What Can Starlings Teach Us About Creativity?
A starling is a beautiful thing.
They mimicry music by Beethoven. They dance phenomenal patterns in the sky. One may have inspired Mozart’s opening theme to the third movement in his Piano Concerto No. 17 in G major, K. 453. Some sources say the composer taught his pet starling to sing that progression of notes. Either way, they’re quite the bird.
But what do starlings have to do with creativity? Maybe a better question is what don't they have to do with creativity?
For one, starlings have incredible memories. They mimicry, or imitate sounds, with extraordinary ability. They’ve been known to imbed noise from their surroundings into their own songs. Nothing is too mundane for the call of starling. A car horn might be their muse. Some starlings take on human speech patterns.
Doesn't creativity require us to integrate the songs around us? Doesn’t making something new ask us to find the ingredients of everyday life? John Cage wrote a pice of music called 3’44’’, or 3 minutes and 44 seconds. He composed it entirely of empty space. For the duration of the piece, musicians rest their instruments. The silence encourages the audience to listen to the music around them. In Silence: Lectures and Writings, Cage writes: “There is no such thing as an empty space or an empty time. There is always something to see, something to hear. In fact, try as we may to make a silence, we cannot.”
Speaking of a sight to see, have you ever seen a starling murmuration? That’s the name for what starlings do before roosting at night. Together, hundreds of starlings perform an balletic pattern in the sky as if they exist as one wing. Why do starlings choose to fly in their serpentine configurations? One theory is that of emergence. Just as a crystal forms, or avalanches happen, the starlings’ simultaneous twisting and turning emerge as part of a physical system. On the same principle, ants, while they have a queen, do not take orders from her. Instead, they self-organize. Each ant reacts to stimuli in the form of chemical scents from larvae, other ants, and intruders. The emerging system of ants is complex, but no centralized governance exists.
What does that self-organising murmuration have to do with the creative process? For one, it’s a mystery. Science doesn't have a hold on why starlings murmurate any more than they have a hold on why creativity emerges. There’s a lot of theories, but at heart, no one knows. But, I believe, at heart, both murmuration and the creative process are participatory acts involving more than one individual creature.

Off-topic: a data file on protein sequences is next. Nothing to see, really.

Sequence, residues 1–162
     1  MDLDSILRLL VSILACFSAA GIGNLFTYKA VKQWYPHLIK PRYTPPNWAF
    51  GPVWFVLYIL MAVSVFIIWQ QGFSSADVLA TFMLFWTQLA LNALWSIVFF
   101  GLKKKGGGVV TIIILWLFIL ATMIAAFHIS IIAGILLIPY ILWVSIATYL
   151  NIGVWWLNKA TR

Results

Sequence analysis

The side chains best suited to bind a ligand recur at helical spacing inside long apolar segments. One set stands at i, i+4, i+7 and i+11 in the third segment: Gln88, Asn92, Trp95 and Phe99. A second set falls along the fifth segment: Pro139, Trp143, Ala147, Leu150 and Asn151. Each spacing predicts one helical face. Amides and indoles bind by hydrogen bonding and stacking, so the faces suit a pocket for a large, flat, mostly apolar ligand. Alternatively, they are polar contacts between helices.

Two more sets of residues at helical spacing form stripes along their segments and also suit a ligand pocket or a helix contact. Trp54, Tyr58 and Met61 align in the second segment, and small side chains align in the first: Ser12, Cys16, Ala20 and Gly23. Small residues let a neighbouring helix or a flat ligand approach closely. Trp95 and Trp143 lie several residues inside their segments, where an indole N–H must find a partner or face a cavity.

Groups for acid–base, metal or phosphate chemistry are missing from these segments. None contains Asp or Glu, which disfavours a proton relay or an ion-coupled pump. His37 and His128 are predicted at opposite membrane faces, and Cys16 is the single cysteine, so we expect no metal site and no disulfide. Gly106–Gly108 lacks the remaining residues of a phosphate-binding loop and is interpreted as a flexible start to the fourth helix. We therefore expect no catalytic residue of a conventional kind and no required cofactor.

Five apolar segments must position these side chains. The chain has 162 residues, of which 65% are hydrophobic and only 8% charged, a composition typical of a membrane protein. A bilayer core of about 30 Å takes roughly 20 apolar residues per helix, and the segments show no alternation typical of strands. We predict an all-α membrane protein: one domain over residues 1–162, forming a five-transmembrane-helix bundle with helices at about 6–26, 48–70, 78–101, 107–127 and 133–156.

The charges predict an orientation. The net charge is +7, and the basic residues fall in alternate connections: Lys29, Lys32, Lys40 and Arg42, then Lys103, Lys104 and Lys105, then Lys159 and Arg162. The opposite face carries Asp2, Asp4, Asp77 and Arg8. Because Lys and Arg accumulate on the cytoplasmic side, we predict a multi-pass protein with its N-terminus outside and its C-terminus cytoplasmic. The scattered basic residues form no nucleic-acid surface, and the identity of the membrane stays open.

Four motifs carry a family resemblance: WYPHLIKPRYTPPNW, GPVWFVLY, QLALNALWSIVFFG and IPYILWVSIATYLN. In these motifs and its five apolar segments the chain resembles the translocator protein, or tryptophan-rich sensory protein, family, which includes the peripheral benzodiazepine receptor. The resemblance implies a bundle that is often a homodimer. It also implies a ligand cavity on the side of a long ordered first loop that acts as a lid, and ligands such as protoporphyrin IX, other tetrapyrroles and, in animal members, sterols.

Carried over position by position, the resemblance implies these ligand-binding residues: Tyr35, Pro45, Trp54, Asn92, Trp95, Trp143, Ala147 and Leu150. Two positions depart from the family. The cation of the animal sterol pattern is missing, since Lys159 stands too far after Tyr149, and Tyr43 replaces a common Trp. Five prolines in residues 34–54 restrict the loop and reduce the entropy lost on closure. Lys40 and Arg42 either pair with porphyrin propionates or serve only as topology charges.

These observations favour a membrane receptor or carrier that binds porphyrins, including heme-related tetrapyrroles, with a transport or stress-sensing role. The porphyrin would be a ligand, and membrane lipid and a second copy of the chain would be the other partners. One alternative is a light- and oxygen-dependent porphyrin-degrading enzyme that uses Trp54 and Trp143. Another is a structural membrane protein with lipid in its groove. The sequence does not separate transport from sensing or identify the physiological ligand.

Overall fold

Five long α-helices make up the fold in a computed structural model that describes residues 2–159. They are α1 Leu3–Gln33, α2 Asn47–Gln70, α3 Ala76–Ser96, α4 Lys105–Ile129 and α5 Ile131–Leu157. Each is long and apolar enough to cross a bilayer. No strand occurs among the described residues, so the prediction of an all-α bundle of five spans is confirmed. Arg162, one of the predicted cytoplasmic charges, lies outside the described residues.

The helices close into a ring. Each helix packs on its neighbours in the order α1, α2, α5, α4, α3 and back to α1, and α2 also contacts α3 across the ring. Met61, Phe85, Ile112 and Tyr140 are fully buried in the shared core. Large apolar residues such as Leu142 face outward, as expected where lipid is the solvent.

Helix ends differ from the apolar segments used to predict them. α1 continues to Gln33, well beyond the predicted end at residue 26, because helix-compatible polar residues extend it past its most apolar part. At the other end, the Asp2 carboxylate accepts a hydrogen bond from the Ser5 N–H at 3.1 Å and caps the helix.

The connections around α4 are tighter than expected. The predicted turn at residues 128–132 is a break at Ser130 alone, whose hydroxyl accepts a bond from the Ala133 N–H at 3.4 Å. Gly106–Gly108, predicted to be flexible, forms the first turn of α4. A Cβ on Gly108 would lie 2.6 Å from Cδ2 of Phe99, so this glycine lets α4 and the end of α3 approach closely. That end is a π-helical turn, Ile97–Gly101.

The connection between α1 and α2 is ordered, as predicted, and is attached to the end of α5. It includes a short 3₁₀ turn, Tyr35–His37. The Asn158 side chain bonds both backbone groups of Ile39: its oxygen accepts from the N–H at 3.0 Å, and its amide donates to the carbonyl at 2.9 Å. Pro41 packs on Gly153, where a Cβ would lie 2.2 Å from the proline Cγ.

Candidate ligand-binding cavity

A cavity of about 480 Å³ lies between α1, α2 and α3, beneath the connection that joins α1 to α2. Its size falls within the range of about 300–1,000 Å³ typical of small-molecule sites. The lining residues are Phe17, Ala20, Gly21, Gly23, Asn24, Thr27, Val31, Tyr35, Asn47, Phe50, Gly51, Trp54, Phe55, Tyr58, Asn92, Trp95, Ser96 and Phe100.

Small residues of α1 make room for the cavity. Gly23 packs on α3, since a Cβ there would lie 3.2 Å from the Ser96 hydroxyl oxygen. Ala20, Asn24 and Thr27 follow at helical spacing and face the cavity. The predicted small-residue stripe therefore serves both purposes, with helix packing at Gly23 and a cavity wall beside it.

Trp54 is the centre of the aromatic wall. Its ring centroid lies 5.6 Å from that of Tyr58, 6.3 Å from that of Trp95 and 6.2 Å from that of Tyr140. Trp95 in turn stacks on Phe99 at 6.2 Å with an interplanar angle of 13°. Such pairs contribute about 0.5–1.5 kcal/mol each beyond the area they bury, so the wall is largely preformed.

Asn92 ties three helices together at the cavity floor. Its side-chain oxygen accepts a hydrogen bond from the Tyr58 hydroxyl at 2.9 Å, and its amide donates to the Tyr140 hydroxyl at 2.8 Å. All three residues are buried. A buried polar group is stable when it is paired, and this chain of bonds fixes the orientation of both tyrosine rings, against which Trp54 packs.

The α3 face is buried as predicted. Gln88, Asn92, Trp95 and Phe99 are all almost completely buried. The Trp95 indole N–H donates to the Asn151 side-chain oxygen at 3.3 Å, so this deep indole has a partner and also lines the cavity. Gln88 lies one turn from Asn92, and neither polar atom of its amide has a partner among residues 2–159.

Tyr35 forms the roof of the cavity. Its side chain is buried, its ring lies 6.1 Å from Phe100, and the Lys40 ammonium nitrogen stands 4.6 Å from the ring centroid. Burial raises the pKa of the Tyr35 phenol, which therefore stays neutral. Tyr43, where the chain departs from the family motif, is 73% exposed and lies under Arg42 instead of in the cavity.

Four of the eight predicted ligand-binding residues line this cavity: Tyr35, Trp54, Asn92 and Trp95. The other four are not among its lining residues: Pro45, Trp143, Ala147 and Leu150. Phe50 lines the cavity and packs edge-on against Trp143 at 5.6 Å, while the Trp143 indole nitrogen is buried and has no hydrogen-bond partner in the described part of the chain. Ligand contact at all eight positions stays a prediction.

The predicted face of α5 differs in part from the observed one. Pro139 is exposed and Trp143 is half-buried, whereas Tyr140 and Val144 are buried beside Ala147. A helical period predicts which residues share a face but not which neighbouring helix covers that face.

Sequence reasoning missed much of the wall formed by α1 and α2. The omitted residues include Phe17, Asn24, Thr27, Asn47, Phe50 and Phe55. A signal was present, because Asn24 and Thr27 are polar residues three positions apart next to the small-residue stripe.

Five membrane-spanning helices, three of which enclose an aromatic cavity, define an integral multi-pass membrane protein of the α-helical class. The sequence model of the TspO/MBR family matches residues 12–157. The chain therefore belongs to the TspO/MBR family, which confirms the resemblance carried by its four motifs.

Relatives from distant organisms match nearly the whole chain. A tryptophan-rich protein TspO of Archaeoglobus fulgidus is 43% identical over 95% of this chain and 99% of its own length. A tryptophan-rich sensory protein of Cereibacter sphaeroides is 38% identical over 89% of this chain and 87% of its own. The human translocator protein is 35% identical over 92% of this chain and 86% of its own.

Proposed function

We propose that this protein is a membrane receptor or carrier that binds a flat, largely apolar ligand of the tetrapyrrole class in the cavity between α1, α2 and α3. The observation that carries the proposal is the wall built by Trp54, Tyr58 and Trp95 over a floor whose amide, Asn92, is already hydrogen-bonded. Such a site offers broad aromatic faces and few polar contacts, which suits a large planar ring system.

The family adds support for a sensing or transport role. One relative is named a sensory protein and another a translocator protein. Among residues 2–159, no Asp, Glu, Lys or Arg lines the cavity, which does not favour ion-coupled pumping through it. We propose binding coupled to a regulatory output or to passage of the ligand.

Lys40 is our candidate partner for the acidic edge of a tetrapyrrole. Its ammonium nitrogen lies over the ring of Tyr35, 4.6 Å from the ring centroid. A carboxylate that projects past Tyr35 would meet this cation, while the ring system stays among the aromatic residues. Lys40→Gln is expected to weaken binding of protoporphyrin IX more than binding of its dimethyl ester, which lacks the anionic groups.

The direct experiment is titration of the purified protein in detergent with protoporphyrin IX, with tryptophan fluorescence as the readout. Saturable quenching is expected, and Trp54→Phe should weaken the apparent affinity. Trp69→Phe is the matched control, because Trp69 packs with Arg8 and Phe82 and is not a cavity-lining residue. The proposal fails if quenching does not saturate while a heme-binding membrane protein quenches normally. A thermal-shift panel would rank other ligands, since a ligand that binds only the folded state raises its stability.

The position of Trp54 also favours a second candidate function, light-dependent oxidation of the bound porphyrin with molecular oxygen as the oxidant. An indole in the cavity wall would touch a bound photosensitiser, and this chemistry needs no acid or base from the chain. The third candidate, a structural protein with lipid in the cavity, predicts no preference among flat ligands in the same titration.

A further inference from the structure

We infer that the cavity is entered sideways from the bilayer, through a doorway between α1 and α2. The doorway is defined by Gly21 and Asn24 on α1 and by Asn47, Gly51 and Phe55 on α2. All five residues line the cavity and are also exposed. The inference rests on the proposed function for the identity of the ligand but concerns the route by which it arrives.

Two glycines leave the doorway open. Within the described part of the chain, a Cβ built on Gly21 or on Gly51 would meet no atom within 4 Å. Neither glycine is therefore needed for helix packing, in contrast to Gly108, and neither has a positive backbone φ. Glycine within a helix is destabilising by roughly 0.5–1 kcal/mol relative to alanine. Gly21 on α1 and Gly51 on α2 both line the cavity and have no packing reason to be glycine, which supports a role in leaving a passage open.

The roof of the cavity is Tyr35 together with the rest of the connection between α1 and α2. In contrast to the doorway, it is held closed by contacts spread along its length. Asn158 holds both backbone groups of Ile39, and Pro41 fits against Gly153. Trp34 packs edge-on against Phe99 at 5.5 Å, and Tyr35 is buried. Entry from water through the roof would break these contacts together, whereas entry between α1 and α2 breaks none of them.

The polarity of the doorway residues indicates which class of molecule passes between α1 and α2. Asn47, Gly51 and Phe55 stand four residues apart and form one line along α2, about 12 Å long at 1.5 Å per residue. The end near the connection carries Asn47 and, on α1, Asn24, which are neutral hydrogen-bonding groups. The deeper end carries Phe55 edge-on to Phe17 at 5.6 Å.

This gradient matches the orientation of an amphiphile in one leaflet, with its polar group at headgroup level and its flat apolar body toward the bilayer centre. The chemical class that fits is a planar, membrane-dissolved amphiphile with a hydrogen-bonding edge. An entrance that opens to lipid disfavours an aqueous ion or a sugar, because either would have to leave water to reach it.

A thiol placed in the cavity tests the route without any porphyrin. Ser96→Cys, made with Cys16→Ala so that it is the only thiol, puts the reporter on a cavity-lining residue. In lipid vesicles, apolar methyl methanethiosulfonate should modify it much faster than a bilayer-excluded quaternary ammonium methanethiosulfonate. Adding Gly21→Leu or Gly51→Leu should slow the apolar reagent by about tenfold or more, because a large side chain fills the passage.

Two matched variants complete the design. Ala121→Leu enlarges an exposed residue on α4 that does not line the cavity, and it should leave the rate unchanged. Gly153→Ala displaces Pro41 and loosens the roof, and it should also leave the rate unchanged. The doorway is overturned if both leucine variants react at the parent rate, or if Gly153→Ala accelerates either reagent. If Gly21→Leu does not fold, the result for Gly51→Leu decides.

While I can only speak for myself, in my creative process, I need to leave room for things to emerge. In my experience, the creative impulse resists taking orders from a hierarchical queen of the mind. Things emerge though the act of making something. When I engaging in creative practice, I take cues from the sounds and shapes around me. Sometimes, an idea emerges in the midst of making something. Sometimes, it’s a social process of collaboration. Even when I write or dance in solitude, I know a hundred hands have come together to allow me to create in the ways I do. A hundred turning hands, like the turning wings of starlings, twisted together to make my creative practice possible. My hands are part of that elaborate twisting and turning – a murmuration.
Maybe murmuration works on another level. When I watch the starlings murmurate, (is that a word?), I am dumbfounded. Astonishment, I think, is a form of creative impulse. In the state of awe, our soul murmurs and whatever stimulates that awe inspires us to create. We start asking questions. Asking questions is part of the process.
But maybe astonishment is another word for love. In If You Want to Write, Barbara Ueland describes Vincent van Gogh’s creative practice in the following way:
“If you read the letters of the painter Van Gogh you will see what his creative impulse was. It was just this: he loved something—the sky, say. He loved human beings. He wanted to show human beings how beautiful the sky was. So he painted it for them. And that was all there was to it.”
So, my dear starlings. What do you love? And who do you want to tell about all that you love? What mystery is out there for you to inquire? What forms are there to delight in? Might you, like Mozart, hear the call of a starling and note that song down in your records? Or like a starling, might you mimicry the notes of a concerto and mix it in with some car horns honking? Or like Van Gogh, may fall in love with the yellow sunflowers and the blue postman and the starry night? I bet you already have. I bet you’re no less in love with life than Mozart or Van Gogh. I bet you're dying to let the world see the things you love, to witness all the murmuring things of your heart. I bet you want to share that love.
No, go on starlings – go murmurate.